Kachuga kachuga

(Gray, 1831, in Gray, 1830-1835)
Red-crowned roofed turtle

The elliptical carapace (to 56 cm) is widest behind the middle, slightly depressed, and smooth to slightly serrated along the posterior rim. A medial keel is present with posterior projections on vertebrals 2-3; the projection on vertebral 3 is more prominent in juveniles and becomes lower with age. Vertebrals 1, 3, and 5 are broader than long, the 2nd is about as long as broad, and the 4th is much longer than broad. The carapace varies from brown to olive in color. The plastron is long and narrow; both the anterior and posterior lobes are shorter than the broad bridge. A posterior anal notch is not always present. The humero-pectoral seam joins the plastral midseam at an obtuse angle. The plastral formula is: abd > fem > hum > pect > an > gul. On the bridge, the inguinal scute is much larger than the axillary. Both plastron and bridge are immaculate yellow. The head is moderate in size with a short, slightly upturned, projecting snout. Its upper jaw contains a shallow medial notch bordered on each side by a toothlike projection. Kachuga kachuga is the only Kachuga to have two (rather than one) denticulated ridges on the palate (a trait shared with Batagur baska). Skin on the back of the head is subdivided into scales. The male's head is red dorsally and bluish gray on the sides; the female's head is olive blue. In males, the sides of head are decked with two yellow stripes: a postocular stripe extending from the eye to the tympanum, and a second just below, beginning at the yellow snout and mandibles and extending posterior to the neck. A pair of red or yellow spots occur on the throat, and the jaws may be brown. The neck is olive brown in females, but contains a series of seven red or red-brown longitudinal stripes in the male. Red pigmentation in males is most brilliant during the breeding season, fading and disappearing afterward. Limbs are brown to olive with transverse scales on the anterior surface of the forelegs.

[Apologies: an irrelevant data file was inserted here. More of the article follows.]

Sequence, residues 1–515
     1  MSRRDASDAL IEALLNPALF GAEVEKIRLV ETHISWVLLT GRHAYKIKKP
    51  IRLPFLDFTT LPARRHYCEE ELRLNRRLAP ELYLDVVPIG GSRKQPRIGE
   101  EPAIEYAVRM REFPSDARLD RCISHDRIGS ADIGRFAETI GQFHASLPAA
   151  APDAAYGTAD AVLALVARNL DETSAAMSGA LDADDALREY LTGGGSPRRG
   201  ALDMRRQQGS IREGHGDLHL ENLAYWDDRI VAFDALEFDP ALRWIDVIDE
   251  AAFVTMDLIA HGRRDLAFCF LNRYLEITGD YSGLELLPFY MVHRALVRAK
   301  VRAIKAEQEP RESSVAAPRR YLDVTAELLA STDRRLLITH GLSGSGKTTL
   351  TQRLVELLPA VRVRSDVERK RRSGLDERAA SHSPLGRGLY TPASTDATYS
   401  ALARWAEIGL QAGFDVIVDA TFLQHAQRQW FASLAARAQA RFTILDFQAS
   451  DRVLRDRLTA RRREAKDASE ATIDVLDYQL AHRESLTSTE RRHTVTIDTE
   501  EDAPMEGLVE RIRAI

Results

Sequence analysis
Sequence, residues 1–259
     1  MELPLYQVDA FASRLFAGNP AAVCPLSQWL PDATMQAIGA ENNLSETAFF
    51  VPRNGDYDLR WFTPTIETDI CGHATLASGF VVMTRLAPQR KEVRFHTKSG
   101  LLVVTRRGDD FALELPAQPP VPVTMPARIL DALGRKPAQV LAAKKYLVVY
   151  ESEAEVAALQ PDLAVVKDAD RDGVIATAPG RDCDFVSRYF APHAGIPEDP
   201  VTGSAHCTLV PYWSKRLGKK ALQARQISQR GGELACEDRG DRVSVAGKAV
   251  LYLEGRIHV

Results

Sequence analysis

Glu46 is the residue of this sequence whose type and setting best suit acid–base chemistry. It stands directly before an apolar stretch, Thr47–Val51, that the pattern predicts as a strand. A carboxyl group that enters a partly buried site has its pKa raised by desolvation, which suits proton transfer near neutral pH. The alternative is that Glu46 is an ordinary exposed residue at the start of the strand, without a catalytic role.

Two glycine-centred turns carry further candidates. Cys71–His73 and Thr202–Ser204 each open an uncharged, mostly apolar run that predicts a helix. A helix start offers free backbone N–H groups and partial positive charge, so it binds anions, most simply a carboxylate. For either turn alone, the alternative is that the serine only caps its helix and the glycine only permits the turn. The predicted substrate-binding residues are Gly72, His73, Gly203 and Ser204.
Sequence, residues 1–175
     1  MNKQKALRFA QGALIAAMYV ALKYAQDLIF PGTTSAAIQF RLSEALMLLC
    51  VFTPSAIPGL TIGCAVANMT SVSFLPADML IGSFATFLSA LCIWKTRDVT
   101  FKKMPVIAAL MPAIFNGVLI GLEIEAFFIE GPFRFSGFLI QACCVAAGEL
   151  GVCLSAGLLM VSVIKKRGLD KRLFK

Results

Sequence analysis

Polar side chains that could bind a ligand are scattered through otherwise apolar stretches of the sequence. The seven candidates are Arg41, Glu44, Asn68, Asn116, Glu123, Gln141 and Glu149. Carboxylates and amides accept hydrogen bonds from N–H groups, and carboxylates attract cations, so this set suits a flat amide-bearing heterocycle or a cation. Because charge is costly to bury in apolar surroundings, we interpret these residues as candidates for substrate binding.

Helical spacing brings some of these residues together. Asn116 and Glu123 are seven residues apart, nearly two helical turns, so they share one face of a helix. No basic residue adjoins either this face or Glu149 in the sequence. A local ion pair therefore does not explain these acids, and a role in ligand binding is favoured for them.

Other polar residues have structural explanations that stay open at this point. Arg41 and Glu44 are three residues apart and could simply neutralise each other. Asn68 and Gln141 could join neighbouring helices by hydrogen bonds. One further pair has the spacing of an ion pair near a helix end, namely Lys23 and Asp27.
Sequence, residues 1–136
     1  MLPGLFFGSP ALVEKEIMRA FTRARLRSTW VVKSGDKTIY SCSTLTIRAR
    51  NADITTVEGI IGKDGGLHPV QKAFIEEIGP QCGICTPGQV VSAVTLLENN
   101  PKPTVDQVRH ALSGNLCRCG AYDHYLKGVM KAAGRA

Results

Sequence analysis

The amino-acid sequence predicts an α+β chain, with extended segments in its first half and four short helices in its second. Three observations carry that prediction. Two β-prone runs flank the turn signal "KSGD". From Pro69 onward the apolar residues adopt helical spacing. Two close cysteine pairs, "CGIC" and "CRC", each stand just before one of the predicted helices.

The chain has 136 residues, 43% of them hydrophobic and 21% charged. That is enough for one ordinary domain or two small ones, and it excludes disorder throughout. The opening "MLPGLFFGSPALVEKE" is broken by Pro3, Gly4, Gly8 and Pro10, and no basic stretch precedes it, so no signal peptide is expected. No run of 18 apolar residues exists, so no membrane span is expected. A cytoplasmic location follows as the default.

In addition to the sexual dichromatism, several other features distinguish adult males from adult females. Females are larger and have short tails. The smaller males have long, thick tails.

Kachuga kachuga ranges from southern Nepal southward through Bangladesh, to adjacent northeastern India. It resides primarily in the watershed of the Ganges River, but has also been reported from the Godavari and Kristna river basins in India.

Adults are inhabitants of deep, flowing rivers.

Natural History
Females nest in March and April (Chaudhuri, 1912; Moll, 1986; Rao and Singh, 1987; Das, 1991, 1995). Nest cavities are typically 42-54 cm deep (Das, 1991). Clutches contain 15-30 white, oval, elongated (64-75.4 x 37.6-45.6 mm) eggs. Hatchlings emerge in May or June (Chaudhuri, 1912) at a carapace length of about 60 mm (Moll, 1986).
Das (1991) reported that captives are entirely herbivorous.

IUCN Red List Status (1996)
Endangered (A1cd).